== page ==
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Lifecycle hook methods

Magewire knows several lifecycle hook methods which can be optionally implemented by a components as needed.

Each hook method has a specific name. If a hook method exists on a component class, Magewire will automatically call it at the appropriate time.

Choosing the right lifecycle hook method

Keeping in mind the different phases during a component's lifecycle, we can choose which method to use for any given scenario.

lifecycle hook method called during preceding requests? called during subsequent requests? component hydrated? properties updated?
boot($blockData, $request)
mount($blockData, $request)
hydrate()
hydrateFoo($value)
booted()
updating($value, $prop)
updatingFoo($value)
updated($value, $prop)
updatedFoo($value)
dehydrate()
dehydrateFoo($value, $response)

In summary, during the preceding request, the available hook methods are:

  • boot($blockData, $request)
  • mount($blockData, $request)
  • booted()
  • dehydrate()
  • dehydrateFoo($value, $response)

During subsequent requests, the available hook methods are:

  • boot($blockData, $request)
  • hydrate()
  • hydrateFoo($value)
  • booted()
  • updating($value, $prop)
  • updatingFoo($value)
  • updated($value, $prop)
  • updatedFoo($value)
  • dehydrate()
  • dehydrateFoo($value, $response)

Note about Full Page Caching

For components on a page that is stored in the Full Page Cache, no lifecycle hook methods will be called during the preceeding request, if the page is served from cache!

Only when a page is not in the cache, that is, when the component is rendered the first time, hook methods are called during the `preceding` request.

It is different for subsequent requests.  
Subsequent requests are never served from the full-page cache.    
They always bypass the full-page cache and are processed by Magento, because they are Ajax requests.  
Thus all lifecycle hook methods are called during `subsequent` requests.

Property specific hook methods

Each property receiving a new value during a subsequent request will cause a matching updating*() method to be called, before the new value is set, and an updated*() method to be called after the new value is set.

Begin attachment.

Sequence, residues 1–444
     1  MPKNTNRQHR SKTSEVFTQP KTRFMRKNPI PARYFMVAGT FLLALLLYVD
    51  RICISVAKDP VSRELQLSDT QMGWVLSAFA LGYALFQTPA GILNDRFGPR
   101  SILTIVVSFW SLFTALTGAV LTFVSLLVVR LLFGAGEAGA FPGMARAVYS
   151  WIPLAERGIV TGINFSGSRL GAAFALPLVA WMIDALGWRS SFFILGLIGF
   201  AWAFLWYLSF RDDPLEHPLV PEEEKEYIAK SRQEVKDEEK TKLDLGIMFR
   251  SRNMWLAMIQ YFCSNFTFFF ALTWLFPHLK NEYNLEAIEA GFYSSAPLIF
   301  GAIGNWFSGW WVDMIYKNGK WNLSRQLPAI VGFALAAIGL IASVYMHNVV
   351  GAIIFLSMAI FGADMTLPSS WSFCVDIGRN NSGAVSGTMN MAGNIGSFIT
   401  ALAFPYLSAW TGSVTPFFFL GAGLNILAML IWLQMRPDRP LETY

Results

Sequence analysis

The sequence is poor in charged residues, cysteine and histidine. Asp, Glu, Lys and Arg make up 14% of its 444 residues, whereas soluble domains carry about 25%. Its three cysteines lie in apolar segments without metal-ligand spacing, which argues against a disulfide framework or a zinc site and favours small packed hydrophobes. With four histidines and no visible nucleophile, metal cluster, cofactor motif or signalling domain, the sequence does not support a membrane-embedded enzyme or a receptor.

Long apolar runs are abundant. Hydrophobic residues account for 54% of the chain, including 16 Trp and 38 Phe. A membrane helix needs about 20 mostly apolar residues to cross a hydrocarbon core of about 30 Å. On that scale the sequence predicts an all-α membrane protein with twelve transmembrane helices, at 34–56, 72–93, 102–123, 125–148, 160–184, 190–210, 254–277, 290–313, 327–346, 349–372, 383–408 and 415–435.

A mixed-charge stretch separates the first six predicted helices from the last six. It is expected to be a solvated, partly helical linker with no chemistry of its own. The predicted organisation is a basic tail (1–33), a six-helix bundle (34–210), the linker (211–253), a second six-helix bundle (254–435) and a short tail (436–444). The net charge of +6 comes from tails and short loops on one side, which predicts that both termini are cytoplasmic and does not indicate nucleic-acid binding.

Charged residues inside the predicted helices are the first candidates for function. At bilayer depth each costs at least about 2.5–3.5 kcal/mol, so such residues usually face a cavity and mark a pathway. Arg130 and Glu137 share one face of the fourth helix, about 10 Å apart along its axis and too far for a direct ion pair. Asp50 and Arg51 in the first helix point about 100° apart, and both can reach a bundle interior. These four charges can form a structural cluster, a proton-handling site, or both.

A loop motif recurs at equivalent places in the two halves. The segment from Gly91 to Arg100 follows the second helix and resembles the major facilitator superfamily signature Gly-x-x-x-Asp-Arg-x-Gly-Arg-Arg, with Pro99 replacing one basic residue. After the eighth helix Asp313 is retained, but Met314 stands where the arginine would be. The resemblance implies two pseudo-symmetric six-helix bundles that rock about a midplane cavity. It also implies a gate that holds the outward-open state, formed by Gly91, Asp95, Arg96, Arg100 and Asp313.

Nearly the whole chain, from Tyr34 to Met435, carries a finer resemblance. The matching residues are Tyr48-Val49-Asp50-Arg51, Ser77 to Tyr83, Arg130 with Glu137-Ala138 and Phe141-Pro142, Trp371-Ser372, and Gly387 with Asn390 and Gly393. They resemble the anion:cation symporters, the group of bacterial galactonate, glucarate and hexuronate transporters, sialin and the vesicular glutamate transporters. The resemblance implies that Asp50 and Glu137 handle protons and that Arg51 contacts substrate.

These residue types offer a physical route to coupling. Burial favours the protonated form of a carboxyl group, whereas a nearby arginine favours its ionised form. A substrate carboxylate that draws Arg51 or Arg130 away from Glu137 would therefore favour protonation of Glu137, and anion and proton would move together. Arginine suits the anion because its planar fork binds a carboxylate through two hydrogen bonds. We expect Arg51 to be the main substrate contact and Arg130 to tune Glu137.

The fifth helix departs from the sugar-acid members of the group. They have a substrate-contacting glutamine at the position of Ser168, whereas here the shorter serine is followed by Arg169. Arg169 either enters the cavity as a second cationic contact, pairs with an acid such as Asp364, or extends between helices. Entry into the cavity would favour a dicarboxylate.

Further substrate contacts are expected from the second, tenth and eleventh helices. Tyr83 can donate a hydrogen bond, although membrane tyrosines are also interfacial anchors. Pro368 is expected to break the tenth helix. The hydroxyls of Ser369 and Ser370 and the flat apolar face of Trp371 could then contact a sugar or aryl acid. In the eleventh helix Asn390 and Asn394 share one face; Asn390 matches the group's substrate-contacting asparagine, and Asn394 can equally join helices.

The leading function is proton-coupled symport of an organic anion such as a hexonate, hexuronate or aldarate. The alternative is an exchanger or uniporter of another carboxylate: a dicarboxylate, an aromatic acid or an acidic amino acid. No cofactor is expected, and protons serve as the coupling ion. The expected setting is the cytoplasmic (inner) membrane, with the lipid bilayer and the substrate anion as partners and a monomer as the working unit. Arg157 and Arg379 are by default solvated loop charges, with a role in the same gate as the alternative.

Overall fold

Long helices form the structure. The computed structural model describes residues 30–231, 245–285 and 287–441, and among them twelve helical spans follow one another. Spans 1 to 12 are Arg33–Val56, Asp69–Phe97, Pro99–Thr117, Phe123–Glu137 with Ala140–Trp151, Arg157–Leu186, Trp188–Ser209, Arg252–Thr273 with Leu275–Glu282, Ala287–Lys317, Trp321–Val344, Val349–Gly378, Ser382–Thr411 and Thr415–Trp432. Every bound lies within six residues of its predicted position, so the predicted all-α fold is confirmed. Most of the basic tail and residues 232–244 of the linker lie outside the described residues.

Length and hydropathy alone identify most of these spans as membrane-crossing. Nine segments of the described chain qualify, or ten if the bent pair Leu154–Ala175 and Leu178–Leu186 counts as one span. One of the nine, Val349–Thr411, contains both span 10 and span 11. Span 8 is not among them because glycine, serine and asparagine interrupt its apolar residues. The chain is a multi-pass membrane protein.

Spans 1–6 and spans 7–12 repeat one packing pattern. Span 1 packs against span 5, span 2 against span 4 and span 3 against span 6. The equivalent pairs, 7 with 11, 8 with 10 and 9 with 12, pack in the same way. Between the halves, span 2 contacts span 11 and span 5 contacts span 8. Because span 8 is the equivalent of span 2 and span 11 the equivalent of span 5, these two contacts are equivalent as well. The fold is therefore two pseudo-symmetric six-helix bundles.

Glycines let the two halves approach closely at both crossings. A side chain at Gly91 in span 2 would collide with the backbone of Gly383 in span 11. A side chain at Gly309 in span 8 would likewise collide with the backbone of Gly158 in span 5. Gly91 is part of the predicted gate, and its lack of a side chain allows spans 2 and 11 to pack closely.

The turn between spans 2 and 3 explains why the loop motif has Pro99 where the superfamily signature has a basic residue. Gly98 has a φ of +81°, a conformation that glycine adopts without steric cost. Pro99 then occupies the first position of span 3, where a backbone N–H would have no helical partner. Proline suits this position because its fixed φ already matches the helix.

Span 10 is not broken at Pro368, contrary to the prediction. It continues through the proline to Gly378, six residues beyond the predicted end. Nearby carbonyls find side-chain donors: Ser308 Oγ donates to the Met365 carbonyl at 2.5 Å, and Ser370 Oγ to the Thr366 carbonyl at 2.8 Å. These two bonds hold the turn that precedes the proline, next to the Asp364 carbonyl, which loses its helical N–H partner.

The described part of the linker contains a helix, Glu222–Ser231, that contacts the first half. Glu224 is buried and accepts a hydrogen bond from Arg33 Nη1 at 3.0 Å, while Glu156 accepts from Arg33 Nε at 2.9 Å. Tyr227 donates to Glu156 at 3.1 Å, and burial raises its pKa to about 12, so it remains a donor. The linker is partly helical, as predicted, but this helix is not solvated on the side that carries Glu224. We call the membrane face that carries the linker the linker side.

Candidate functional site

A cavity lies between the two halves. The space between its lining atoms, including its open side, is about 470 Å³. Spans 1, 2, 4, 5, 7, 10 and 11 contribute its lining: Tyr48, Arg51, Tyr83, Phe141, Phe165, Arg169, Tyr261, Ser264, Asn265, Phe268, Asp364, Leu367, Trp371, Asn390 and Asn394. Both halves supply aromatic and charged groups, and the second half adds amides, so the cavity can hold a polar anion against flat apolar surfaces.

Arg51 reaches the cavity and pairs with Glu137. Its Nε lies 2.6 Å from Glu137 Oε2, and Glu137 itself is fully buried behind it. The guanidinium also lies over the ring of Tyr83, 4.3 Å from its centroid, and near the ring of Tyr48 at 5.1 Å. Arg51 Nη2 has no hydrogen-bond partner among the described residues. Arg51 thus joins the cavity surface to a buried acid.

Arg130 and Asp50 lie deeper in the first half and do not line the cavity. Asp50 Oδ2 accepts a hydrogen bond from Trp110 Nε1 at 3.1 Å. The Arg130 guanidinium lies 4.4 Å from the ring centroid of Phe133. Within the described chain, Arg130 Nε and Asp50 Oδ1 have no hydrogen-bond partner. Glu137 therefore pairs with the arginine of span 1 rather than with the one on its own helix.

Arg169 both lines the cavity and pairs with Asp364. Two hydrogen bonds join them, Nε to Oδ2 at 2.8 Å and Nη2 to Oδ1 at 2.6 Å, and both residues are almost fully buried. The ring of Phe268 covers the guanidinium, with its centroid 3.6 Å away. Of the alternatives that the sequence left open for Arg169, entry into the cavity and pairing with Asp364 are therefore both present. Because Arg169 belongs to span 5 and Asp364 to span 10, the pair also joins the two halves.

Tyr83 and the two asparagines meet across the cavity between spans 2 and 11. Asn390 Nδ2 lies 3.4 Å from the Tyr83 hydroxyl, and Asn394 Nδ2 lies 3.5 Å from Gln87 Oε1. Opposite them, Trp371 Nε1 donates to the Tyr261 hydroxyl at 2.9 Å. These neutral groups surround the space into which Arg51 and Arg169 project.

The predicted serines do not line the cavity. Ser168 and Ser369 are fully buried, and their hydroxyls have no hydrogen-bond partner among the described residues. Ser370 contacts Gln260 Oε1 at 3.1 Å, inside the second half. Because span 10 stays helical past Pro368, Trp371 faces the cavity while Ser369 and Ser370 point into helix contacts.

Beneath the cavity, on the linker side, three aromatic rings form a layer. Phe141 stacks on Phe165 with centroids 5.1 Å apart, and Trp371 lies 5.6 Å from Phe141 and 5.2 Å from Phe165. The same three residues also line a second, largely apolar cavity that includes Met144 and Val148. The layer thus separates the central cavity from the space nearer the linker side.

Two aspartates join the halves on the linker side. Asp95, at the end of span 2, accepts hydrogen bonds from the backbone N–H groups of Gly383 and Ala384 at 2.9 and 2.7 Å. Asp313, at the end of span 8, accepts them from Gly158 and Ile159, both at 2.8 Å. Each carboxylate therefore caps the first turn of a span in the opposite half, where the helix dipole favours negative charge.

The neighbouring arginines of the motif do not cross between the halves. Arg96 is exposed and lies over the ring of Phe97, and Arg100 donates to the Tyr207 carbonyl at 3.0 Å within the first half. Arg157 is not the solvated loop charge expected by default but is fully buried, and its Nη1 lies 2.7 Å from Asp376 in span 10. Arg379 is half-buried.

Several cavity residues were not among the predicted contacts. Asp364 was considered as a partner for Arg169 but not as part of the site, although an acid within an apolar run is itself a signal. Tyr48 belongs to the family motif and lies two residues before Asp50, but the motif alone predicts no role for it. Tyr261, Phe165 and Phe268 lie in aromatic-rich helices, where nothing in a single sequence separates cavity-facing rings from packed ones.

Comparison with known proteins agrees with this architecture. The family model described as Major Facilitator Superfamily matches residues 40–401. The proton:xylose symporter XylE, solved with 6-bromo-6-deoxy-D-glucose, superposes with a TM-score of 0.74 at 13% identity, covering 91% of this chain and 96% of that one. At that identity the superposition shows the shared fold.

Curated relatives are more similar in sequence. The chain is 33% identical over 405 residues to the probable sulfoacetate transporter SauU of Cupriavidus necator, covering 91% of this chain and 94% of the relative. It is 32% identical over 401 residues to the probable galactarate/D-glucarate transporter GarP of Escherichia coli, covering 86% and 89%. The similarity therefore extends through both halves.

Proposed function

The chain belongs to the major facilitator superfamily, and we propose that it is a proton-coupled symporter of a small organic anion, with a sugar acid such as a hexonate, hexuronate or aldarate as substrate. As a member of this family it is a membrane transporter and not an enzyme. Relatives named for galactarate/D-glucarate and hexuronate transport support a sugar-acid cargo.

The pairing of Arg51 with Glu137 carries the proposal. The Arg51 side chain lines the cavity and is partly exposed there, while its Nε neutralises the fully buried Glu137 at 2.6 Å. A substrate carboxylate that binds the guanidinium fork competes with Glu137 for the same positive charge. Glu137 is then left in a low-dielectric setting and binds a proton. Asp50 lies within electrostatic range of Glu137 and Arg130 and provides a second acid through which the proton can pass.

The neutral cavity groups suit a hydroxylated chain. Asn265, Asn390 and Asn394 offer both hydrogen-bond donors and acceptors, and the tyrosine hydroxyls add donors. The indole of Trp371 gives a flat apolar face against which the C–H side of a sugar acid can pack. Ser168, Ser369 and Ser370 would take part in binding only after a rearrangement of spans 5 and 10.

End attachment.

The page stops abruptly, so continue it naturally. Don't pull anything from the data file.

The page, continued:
In the examples above, if a method name like updateFoo is used, Foo stands for the property name $foo.

The full list of property specific lifecycle hook methods:

public $foo;
public function hydrateFoo($value) {...}
public function updatingFoo($value) {...}
public function updatedFoo($value) {...}
public function dehydrateFoo($value, $response) {...}

This also works for camelCase properties:

public $fooBar;
public function updatingFooBar($value) {...}

And it even works with snake_case properties, even though are against any coding standard in the Magento context. The hook method names for snake_case properties use camelCase, too.

public $bar_baz;
public function updatingBarBaz($value) {...}

It is also possible to define callback methods targeting nested array properties.
Please refer to the page Working with Arrays for more information.

Lifecycle hook method arguments

There are several rules and conventions around hook method arguments:

  • If a hook method receives a $value argument, it must return it from the hook method, too.

    public function updatingFooBar($value)
    {
        // do custom logic
    
        return $value; // <-- important 
    }
    

  • The $blockData argument some hook methods receive is the array returned by $block->getData().

  • If a hook methods receives a $request argument, it will be an instance of \Magewirephp\Magewire\Model\RequestInterface.

  • When a hook method receives a $response argument, it will be an instance of \Magewirephp\Magewire\Model\ResponseInterface.